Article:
I still believe that Myspace did not collapse because of the rise of Facebook. My call remains that Myspace did not execute on what it wanted to do, and because of that, it froze on its mission. That is typical: most startups do not die because of competition, they die because they are unable to execute on the mission they have been established to pursue.
Specifically for Myspace, it was stagnant on its product innovation, especially on integrating with 3rd party entities, which Facebook later did, and set a new basis of competition. Yet, even with that, it could have found a niche in a segment with its music nativity if not that it was failing across the board. We later knew what happened!
Yes, a few years later, we realized that Myspace was not backing up when it reported that it had lost years-long data of its users! That type of company was not destined to have impacts in markets. Yes, it was not Facebook that killed it, it would have folded even without Facebook with that culture! You were making $800 million per year but could not find money to do backup!
“As a result of a server migration project, any photos, videos, and audio files you uploaded more than three years ago may no longer be available on or from Myspace. We apologize for the inconvenience.” Myspace.
That takes me to Wirecard, an insolvent German fintech which announced in 2020 that €1.9 billion in cash was missing. According to Financial Times, some employees saw some of their colleagues moving cash in plastic bags over a period of years. What do you expect? Simply, collapse. Yes, when staff saw employees go to the vault, load cash in plastic bags, and take home, and no one reported it, the mission was done, competition or no competition!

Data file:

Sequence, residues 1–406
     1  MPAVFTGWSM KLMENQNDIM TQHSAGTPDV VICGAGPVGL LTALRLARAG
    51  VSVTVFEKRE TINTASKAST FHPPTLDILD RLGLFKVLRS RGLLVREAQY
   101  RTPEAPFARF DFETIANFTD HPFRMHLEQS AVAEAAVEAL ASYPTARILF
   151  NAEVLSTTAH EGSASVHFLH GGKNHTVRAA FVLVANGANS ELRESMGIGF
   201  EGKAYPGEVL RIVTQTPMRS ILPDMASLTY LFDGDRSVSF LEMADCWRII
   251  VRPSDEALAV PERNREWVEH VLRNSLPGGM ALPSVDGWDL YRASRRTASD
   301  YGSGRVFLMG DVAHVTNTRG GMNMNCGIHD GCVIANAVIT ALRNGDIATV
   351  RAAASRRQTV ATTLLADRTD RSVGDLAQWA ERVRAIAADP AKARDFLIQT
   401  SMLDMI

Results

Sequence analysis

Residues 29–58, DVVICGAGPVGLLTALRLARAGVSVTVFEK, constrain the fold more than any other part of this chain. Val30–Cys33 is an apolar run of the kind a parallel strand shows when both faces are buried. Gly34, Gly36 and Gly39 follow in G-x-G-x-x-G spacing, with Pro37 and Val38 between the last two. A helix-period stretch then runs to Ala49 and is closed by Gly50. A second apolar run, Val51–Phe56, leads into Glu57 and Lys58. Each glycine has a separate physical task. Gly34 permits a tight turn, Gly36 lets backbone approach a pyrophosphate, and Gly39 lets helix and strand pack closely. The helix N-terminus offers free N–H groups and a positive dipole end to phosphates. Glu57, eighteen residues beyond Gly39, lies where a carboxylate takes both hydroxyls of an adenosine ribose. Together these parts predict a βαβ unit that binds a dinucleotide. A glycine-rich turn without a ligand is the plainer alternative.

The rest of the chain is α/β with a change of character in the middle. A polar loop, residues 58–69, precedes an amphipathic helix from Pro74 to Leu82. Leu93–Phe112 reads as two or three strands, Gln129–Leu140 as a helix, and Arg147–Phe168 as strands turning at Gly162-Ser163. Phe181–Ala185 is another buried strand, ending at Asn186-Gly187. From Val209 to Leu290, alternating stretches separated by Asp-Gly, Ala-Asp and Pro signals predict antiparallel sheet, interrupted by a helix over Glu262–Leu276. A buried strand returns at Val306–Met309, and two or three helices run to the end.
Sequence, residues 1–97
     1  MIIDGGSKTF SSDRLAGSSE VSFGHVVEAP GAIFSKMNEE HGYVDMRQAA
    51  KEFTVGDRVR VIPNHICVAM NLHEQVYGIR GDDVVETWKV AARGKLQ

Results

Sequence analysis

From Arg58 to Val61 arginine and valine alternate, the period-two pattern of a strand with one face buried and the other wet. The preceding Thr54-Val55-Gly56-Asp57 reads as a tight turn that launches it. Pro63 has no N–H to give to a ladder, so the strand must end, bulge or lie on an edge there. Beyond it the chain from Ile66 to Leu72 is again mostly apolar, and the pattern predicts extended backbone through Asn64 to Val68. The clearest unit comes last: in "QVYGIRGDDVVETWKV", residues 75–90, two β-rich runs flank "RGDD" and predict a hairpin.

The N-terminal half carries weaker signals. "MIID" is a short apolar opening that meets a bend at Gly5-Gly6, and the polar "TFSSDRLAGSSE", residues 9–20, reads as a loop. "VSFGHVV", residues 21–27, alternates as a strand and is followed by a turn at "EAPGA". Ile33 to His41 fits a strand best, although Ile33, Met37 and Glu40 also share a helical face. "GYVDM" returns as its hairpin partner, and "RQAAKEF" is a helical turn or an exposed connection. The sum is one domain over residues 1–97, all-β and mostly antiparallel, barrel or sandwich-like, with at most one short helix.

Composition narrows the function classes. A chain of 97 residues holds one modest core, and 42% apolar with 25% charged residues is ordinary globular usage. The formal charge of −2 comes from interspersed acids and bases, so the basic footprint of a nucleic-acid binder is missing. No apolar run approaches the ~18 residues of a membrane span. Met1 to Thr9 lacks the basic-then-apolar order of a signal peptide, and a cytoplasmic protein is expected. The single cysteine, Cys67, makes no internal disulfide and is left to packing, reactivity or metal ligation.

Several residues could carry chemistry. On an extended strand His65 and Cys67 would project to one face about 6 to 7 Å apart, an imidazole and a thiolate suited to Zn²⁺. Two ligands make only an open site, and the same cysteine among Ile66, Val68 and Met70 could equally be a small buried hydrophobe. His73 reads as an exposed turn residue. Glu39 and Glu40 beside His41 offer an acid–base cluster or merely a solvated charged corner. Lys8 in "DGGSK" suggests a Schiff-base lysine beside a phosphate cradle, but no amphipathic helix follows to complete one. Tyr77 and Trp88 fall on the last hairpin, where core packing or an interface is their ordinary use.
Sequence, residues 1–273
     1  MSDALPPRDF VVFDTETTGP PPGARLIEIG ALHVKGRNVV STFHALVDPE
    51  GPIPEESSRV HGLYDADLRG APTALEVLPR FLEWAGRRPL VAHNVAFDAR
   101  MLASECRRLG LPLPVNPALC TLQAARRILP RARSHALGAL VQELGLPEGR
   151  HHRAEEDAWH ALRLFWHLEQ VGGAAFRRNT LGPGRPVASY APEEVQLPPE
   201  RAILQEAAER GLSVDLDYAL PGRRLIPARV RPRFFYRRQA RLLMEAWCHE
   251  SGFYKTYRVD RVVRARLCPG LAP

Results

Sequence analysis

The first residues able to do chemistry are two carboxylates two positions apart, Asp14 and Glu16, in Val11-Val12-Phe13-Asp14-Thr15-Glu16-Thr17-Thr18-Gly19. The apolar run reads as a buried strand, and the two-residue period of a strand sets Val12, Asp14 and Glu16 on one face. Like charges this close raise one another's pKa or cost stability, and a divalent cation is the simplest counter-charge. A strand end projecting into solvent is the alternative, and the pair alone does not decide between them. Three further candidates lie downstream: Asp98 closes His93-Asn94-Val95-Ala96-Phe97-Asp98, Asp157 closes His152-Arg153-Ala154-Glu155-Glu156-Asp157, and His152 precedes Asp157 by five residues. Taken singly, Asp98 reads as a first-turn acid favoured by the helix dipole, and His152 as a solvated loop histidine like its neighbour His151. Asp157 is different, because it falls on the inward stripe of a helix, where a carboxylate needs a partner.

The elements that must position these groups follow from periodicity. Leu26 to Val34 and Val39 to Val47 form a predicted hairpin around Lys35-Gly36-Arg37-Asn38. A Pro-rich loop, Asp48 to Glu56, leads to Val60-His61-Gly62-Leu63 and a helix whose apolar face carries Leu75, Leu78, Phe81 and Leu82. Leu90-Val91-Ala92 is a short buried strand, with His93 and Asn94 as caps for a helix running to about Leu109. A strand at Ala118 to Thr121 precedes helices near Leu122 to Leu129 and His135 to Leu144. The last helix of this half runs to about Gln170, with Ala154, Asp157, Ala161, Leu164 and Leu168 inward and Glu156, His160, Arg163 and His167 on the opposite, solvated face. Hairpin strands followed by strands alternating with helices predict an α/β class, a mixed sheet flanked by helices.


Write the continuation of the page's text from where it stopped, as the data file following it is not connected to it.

Wirecard employees hauled millions of euros of cash out of the group’s Munich headquarters in plastic bags over a period of years, according to former employees, suggesting that the payments company was looted even more brazenly than previously known.
The once high-flying fintech, which at its peak was worth €24bn, went bust last summer in one of Germany’s biggest accounting frauds. It collapsed after discovering that €1.9bn of corporate cash did not exist and that parts of its business in Asia were a sham.
Former employees have told Munich police investigating the fraud that staff repeatedly removed large amounts of cash from Wirecard’s head office, people with direct knowledge of the matter told the Financial Times.
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